6 Section 7 Updating Customers Particulars If a customer advises the bank of a change of mailing address: (1) Banks shall update the address in all that customer s accounts with the same account number for which the customer originally gave that mailing address, unless instructed otherwise. (2) Banks shall draw the attention of the customer to the need to update the address in his other accounts, if any. Section 8 Transfer of Money 1. Every document of a cash transfer or of a transfer of a financial document shall include the name and bank account number of the payee, if any. 2. In transferring money abroad by electronic means (e.g. SWIFT), banks shall indicate the name and account number of the customer making the transfer. 3. A bank shall decline to transfer money to or from high risk customer accounts, or to or from other customer accounts, where it has cause to believe that the transaction may be undertaken for the purpose of transferring, concealing or disguising the illicit origin of money or assisting any person who is involved in such activity, or otherwise contravenes the principles established in this Public Instruction. Section 9 Retention of Identification Documents 1. Banks shall establish procedures for the retention of information essential for authenticating customers identity and their type of business, relating to the source of the information, the period for which it should be retained, the type of customer (individual, company, etc.), and the expected extent of activity in the account. The information shall be retained in a manner which will make it readily available and enable efficient retrieval. 2. (a) Banks shall undertake reviews to ascertain the existence of adequate and updated information. (b) (c) The reviews shall take place at times and on occasions determined by the bank in its procedures, such as when a significant transaction is about to take place, or when the requirements relating to customer documentation change, or when the way the account is managed alters significantly. If bank discovers that certain significant information about a customer is lacking, it shall take steps to ensure that it obtains the missing information as soon as possible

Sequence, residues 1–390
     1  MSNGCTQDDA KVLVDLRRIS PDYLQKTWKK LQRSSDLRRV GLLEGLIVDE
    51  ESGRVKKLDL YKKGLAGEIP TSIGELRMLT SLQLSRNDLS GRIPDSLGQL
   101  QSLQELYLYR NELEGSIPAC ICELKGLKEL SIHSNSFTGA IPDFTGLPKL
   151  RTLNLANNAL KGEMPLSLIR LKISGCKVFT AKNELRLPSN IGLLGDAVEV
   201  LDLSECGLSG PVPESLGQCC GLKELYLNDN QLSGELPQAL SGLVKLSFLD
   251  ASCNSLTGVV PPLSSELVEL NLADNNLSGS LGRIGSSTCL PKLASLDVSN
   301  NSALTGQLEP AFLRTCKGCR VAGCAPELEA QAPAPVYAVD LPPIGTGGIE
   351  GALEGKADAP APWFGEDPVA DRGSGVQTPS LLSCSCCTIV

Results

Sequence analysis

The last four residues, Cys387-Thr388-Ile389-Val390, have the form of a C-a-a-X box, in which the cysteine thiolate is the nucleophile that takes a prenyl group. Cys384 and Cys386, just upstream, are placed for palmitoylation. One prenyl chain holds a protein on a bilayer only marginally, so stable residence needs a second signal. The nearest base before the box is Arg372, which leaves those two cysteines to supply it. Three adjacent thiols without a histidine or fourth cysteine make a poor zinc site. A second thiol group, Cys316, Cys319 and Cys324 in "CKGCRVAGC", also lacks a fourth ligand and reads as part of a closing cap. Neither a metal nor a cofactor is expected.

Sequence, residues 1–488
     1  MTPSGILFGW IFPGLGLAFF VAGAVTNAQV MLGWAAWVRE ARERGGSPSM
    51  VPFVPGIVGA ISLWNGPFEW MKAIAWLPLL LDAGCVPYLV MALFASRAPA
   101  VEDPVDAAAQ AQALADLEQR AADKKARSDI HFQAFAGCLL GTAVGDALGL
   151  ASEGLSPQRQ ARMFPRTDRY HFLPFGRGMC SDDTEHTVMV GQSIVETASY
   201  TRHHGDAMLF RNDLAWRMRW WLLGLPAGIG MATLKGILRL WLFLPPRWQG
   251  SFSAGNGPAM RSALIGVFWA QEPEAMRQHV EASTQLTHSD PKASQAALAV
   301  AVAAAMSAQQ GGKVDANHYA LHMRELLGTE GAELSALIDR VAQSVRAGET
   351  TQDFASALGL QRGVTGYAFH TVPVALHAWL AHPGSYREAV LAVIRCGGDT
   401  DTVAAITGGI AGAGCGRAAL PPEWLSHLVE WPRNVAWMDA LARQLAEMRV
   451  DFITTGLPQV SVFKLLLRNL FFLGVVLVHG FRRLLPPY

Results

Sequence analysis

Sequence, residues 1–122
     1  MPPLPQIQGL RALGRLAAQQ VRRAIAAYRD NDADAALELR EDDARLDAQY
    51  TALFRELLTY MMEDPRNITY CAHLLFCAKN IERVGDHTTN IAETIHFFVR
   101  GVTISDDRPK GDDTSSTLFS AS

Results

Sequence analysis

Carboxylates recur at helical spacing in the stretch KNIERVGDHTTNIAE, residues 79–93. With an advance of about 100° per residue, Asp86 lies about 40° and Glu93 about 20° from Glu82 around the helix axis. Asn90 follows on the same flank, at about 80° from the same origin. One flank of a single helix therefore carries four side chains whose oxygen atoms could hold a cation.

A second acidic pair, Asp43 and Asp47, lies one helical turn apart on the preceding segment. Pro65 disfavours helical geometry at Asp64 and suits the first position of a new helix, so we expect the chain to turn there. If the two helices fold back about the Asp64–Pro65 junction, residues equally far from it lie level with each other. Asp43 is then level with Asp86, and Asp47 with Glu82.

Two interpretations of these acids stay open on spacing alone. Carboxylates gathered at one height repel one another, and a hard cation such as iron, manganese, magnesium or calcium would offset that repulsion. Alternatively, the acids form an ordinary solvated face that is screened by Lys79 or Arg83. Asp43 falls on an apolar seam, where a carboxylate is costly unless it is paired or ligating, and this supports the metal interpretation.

7 Section 10 On-Going Monitoring of Accounts and Transactions 1. Banks shall operate a system to detect unusual activities in all its customers accounts. This can be done by setting limits for certain categories of accounts. Unusual activities may include transactions that appear to lack economic or commercial sense, or that involve large sums of money, particularly large cash deposits not consistent with the expected activity in the account. 2. Banks shall set detailed procedures setting out the channel of communications regarding unusual transactions which the bank has reasonable grounds to suspect of being associated with money laundering. The procedures should incorporate full documentation of the decision making process from the first detection of the unusual transaction to the formulation of a decision on whether to report to the competent authority. 3. Banks shall verify the identities of the parties to a transaction which is likely to constitute a significant risk to the bank. Section 11 High-Risk Customer Accounts 1. Banks shall include in their procedures rules for defining high risk customer accounts with regard to the prohibition on money laundering. In formulating these rules banks shall take into consideration the type of business (e.g., a cash-intensive business), the location of the customer s activity (e.g., in countries categorized by the Financial Action Task Force on Money Laundering (FATF) as Non-Cooperative Countries and Territories), the types of services required by the customer (e.g., electronic transfers of large sums), and the type of customer (e.g., a prominent public figure from abroad, an entity with a complex ownership structure) and politically exposed persons. 2. Banks shall operate appropriate intensified systems for monitoring these customer s accounts and shall follow up on high-risk accounts by setting key indicators for such accounts, taking note of the background of the customer, the country of origin of the funds, and the type of transactions involved. 3. Banks shall operate an adequate information system to provide officers responsible with timely information needed to analyse and effectively monitor high-risk customer accounts. Such reports shall include unusual transactions performed through the customer s account, information on the relationship between banks and that customer over time, and also information on missing account-opening documentation. 4. Significant transactions which customers categorized as high risk wish to perform shall require the approval of a senior manager